Honor Bound: A Personal Journey (film)
|Title||Honor Bound: A Personal Journey|
|Starring||Richard Furukawa (interviewee); Lawrence Fujii (interviewee); Lou Haddad (interviewee); James Hanley (interviewee); Tak Hashimura (interviewee); Howard Hanamura (interviewee); Hideo Higa (interviewee); Sam Ikari (interviewee); Jacob Jitchaku (interviewee); Masami "Casey" Kasadate (interviewee); Genro Kashiwa (interviewee); Ben Kitagawa (interviewee); Art Koura (interviewee); Paul Matsumoto (interviewee); Toshio Nakahara (interviewee); Ken Nihei (interviewee); Eric Saul (interviewee); Feb Yokoi (interviewee)|
|Music||Gary Remal Malkin|
|Editing||Terry Kane Chinn|
|Studio||Flower Village Films|
|IMDB||Honor Bound: A Personal Journey|
Documentary film that tells the story of the 442nd Regimental Combat Team through the story of one soldier, Haruo Howard "Howe" Hanamura, and his daughter, television reporter Wendy Hanamura, who travel to Europe in October 1944 for 50th anniversary ceremonies of the liberation of Bruyeres and Biffontaine by the 442nd. The film was produced by the National Japanese American Historical Society (NJAHS) and KPIX, San Francisco, where Wendy Hanamura was a news reporter. After debuting on KPIX on March 5, 1995, it went on to be shown on over 100 PBS stations.
The project originated with the elder Hanamura's writing of his memoir, which he shared with his daughter, who was also inspired to tell his story for the sake of her then toddler son. Though initially reluctant to be a part of the project, Howe agreed after she attended an L Company reunion on Las Vegas, where his old friends willingly shared their experiences with Wendy. After getting the support of KPIX and NJAHS, she also spearheaded fundraising efforts for the approximately $350,000 project.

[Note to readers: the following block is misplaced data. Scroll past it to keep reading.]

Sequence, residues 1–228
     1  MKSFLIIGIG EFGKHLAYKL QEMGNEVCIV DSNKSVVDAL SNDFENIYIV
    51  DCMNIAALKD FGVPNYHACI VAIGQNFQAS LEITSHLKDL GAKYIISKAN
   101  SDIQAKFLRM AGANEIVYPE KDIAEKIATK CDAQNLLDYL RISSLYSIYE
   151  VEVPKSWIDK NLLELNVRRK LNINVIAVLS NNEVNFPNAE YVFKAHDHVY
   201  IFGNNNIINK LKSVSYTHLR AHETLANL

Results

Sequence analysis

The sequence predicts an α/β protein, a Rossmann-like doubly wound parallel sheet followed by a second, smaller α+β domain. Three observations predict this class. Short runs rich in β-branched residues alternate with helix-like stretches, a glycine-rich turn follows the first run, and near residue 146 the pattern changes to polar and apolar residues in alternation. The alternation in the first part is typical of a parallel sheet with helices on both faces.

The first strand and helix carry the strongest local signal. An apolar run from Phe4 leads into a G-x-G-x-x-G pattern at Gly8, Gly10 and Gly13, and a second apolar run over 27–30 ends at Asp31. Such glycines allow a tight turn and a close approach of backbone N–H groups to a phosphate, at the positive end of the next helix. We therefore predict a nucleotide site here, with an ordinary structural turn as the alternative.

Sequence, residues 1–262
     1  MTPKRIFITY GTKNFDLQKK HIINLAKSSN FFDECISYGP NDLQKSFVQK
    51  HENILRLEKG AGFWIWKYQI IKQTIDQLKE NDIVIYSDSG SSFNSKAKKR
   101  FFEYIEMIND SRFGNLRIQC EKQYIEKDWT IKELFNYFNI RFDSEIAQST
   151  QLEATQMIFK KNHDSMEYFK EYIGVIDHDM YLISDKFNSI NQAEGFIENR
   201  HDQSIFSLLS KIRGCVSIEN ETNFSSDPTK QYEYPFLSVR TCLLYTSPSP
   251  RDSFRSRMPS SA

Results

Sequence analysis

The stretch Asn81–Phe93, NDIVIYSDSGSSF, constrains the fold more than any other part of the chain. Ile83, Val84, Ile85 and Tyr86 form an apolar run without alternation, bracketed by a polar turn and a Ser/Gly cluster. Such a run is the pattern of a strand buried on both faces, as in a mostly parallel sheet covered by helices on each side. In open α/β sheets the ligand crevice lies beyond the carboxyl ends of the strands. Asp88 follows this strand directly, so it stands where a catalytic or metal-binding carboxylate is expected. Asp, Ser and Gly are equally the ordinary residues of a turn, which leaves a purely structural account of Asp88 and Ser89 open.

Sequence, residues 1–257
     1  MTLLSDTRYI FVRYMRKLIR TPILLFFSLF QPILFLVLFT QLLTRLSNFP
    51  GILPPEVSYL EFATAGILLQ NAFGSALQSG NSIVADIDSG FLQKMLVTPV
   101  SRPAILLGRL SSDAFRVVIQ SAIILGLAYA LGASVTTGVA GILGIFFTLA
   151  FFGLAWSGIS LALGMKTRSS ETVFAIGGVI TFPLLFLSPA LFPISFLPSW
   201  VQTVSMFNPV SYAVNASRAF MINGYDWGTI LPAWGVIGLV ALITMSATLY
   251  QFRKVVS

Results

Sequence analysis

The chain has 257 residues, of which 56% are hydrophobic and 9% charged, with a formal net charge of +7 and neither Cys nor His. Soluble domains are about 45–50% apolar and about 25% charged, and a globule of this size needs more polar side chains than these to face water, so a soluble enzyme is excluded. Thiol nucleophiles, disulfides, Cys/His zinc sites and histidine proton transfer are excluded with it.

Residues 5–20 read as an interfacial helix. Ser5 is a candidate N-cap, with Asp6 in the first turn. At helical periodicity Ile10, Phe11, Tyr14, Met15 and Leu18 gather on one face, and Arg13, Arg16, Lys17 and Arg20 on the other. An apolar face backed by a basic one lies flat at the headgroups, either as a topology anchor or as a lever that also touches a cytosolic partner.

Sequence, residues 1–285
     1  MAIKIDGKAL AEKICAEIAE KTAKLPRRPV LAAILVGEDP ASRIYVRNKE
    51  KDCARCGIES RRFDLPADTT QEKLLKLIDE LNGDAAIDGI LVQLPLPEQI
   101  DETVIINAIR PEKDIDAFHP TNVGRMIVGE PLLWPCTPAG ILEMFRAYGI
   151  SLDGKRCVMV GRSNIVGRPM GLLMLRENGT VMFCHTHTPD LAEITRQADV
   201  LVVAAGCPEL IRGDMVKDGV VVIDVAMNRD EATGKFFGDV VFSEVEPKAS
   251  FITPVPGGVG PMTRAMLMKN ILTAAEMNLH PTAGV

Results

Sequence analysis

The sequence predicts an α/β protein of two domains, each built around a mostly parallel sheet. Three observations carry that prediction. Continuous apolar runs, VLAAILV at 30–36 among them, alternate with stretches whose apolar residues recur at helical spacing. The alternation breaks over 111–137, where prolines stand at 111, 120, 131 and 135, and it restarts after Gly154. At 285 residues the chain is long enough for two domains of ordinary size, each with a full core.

The film tells the story of Howe Hanamura, starting with his childhood in Alameda, California, where he grew up in a family of four. After graduating from UC Berkeley in 1941, he was working in a warehouse when the Japanese attacked Pearl Harbor and was subsequently drafted, eventually becoming a part of the 442nd upon its formation in 1943. Meanwhile, he family was forcibly removed from their home and eventually incarcerated at the Topaz, Utah concentration camp. Interviews with fellow L Company members reveal the initial conflicts between Buddhaheads from Hawai'i and mainland Kotonks in basic training. The film then follows the unit's progress through Europe, juxtaposing interviews and historic footage with the Hanamuras' efforts to search out the sights of key battles in the present. Through the focus on one individual's story, Wendy Hanamura hoped to tell the larger story; as she told 442nd veterans at their 53rnd anniversary, "although it is the story of my father, I really hoped that in his personal remembrances, there would be something very universal, something that spoke to each one of you and each time of your experiences."
Historian and film scholar Jun Xing cites Honor Bound as an important example of the "Personal Diary/Family Portrait" subgenre of Asian American documentaries, calling it "touching and emotional."
Honor Bound was premiered at a San Francisco screening on February 23, 1995, prior to its television debut. Along with a study guide, NJAHS and Hanamura donated a copy of the film to every public library in California.
For More Information
Chinen, Karleen. "Honor Bound." Hawaii Herald, May 19, 1995, A-12–13.
———. "442 Veterans Observe 53rd Anniversary," Hawaii Herald, Apr. 19, 1996, A-8.
Nakao, Annie. "A Nisei Vet Recalls a War on Two Fronts," San Francisco Chronicle, Feb. 23, 1995.
Xing, Jun. Asian America Through the Lens: History, Representation, and Identities. Walnut Creek, Calif.: AltaMira Press, 1998.
- Karleen Chinen, "442 Veterans Observe 53rd Anniversary," Hawaii Herald, Apr. 19, 1996, A-8.
- Jun Xing, Asian America Through the Lens: History, Representation, and Identities (Walnut Creek, Calif.: AltaMira Press, 1998), 93.